Let me briefly indicate some of the accomplishments of the 1947-1951 period. Foremost was the establishment of local quantum field theory as the best suited framework and formalism for the unification of quantum theory and special relativity. Furthermore, quantum electrodynamics, with the addition of renormalization rules, yielded calculated values for the fine and the hyperfine structure of hydrogen and positronium in remarkable agreement with experiments (Baranger 1951; Baranger et al. 1953; Karplus et al. 1952; Karplus and Klein 1952); and the same was true for the magnetic moment of the electron and muon.
     In addition, a deeper understanding of the consequences of synthesizing quantum field theory and special relativity was obtained. Thus, it was shown that a relativistically invariant quantum field theory of charged fields automatically contains in its description oppositely charged particles. Also, a deeper insight was obtained into the necessity of quantizing spin zero and integer spin field theories with commutation rules and odd half-integer spin theories with anticommutation rules (Feynman 1949b, 1987; Pauli 1950; Schwinger 1950). Finally, the most perspicacious theorists—for example, Gell-Mann—noted the ease with which other symmetries besides the space-time ones could be incorporated into a local quantum field theory, and made field theory the framework in terms of which to describe the plethora of elementary particles then being discovered.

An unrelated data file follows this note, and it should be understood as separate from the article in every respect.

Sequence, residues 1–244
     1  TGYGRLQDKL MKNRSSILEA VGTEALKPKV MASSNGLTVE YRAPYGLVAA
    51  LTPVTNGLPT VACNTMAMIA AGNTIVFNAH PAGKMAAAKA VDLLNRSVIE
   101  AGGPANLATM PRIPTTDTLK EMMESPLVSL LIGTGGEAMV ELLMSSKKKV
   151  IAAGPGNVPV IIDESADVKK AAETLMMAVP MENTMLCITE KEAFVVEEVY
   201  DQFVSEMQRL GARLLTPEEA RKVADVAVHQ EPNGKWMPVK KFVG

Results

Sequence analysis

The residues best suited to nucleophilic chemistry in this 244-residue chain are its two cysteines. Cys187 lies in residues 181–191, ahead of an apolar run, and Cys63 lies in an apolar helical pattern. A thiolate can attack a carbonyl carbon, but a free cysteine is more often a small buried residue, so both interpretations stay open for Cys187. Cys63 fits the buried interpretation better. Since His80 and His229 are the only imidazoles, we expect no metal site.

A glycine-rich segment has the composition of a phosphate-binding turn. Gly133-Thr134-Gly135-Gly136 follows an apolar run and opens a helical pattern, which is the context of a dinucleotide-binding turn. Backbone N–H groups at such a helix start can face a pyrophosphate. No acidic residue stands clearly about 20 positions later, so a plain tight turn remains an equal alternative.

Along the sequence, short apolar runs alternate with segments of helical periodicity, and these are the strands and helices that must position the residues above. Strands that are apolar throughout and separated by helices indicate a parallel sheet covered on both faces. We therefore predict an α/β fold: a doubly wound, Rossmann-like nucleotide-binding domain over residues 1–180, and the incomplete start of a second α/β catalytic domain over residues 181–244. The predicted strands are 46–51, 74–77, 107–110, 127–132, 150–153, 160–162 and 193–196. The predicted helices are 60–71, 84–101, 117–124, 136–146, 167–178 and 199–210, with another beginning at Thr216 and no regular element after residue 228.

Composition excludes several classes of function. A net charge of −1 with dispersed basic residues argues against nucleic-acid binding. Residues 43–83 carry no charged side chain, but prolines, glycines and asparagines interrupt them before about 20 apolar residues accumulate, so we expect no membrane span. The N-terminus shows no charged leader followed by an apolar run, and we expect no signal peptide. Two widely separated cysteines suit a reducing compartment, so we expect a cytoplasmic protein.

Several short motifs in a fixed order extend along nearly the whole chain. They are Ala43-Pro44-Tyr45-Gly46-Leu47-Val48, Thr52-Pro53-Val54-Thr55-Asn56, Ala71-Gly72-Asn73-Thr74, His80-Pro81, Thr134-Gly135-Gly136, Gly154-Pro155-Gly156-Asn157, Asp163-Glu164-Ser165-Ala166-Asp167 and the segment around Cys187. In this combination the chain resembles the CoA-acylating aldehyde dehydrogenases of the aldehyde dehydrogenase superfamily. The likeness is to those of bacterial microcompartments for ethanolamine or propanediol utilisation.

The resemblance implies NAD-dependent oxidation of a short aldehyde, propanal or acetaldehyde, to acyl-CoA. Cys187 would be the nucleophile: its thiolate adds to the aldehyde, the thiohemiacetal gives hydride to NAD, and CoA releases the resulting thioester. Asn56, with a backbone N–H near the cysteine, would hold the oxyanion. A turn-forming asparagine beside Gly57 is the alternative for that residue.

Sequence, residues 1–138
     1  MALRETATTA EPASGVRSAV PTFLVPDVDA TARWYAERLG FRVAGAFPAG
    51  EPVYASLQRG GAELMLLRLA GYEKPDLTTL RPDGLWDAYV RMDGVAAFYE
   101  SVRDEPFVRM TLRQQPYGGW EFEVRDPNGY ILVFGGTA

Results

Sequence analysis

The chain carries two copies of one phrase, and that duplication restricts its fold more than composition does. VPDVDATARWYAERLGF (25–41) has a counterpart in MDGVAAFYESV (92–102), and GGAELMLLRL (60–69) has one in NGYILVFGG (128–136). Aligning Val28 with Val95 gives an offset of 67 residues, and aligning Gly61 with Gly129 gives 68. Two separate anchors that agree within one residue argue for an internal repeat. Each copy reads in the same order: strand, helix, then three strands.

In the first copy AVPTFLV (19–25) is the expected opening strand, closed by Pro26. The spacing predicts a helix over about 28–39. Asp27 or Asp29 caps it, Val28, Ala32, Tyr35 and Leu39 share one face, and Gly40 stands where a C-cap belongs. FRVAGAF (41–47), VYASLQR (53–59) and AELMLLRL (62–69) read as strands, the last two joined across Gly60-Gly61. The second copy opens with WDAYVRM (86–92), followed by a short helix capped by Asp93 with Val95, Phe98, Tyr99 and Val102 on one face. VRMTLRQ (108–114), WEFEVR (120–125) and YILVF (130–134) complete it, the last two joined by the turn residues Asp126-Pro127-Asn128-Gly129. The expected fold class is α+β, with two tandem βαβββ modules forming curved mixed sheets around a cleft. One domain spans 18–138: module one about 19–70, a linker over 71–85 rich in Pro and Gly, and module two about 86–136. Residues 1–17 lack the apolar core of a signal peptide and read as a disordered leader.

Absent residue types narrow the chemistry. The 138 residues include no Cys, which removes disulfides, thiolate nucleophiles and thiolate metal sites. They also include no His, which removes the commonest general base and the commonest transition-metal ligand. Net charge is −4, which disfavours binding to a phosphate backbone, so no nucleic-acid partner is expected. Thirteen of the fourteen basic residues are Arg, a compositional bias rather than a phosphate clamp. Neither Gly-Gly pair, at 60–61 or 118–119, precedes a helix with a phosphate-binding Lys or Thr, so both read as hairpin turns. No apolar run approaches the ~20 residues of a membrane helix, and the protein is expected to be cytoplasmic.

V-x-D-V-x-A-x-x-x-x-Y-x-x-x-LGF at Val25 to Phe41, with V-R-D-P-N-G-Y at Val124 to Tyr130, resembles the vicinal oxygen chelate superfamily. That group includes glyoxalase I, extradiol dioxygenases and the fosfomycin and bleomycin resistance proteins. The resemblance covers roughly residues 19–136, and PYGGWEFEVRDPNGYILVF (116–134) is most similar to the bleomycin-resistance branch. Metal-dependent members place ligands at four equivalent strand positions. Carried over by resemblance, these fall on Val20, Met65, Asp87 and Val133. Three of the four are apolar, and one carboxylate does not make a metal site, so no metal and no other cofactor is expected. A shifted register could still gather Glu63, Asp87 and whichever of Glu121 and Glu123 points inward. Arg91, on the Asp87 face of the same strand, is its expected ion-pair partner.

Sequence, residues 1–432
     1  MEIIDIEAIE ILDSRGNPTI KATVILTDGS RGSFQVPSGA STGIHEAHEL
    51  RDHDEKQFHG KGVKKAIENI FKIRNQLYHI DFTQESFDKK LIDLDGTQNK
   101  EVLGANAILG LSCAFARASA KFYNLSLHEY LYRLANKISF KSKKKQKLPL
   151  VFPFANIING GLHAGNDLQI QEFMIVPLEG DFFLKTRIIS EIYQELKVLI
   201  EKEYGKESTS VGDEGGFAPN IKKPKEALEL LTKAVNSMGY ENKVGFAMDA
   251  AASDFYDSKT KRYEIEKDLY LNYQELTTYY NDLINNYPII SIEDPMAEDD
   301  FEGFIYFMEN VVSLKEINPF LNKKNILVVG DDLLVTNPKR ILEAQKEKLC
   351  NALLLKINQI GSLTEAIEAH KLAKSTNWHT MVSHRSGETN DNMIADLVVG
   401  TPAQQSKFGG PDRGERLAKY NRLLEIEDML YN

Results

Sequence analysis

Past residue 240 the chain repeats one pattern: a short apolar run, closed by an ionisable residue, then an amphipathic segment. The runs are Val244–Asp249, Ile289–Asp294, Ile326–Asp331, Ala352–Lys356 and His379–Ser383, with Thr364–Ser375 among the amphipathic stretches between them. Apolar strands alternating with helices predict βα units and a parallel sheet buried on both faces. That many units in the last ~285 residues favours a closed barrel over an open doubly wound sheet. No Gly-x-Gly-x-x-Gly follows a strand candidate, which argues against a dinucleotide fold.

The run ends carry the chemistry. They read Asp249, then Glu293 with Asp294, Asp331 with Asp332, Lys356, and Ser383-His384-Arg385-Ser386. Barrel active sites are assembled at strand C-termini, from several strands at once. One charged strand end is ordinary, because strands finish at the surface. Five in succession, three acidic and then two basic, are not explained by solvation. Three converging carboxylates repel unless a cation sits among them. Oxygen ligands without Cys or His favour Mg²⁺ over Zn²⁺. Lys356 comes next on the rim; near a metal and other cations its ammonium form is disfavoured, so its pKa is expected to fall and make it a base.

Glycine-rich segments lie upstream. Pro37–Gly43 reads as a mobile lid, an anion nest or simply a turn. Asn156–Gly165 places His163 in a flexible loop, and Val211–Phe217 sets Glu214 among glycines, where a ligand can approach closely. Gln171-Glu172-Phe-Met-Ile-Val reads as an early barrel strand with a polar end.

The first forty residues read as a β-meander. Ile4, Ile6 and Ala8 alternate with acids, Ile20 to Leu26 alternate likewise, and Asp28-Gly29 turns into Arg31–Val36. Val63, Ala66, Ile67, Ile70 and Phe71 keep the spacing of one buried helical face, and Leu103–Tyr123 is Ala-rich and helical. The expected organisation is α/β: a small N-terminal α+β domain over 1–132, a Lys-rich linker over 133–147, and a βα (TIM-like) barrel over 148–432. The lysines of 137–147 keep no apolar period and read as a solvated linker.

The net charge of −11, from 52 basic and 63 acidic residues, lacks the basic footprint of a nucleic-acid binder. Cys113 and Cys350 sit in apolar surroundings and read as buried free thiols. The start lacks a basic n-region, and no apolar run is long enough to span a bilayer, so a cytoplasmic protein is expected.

In January 1950, J. Robert Oppenheimer gave a series of lectures on the “Problems in the Interaction of Elementary Particles” at the California Institute of Technology. He reported on “the very great effort” on the part of theoretical physicists that had been devoted “during the last few years” to these problems and took it as his task to make clear “to what this effort has led and where we stand today.” In his opening remarks Oppenheimer remarked that while preparing his lectures he was “appalled by how much we have learned and how little we knew [in the thirties].” He indicated that physics was “in the middle of a great and … extremely deep advance.” That “great advance” is the subject of this book.   Added by: Dominique Meeùs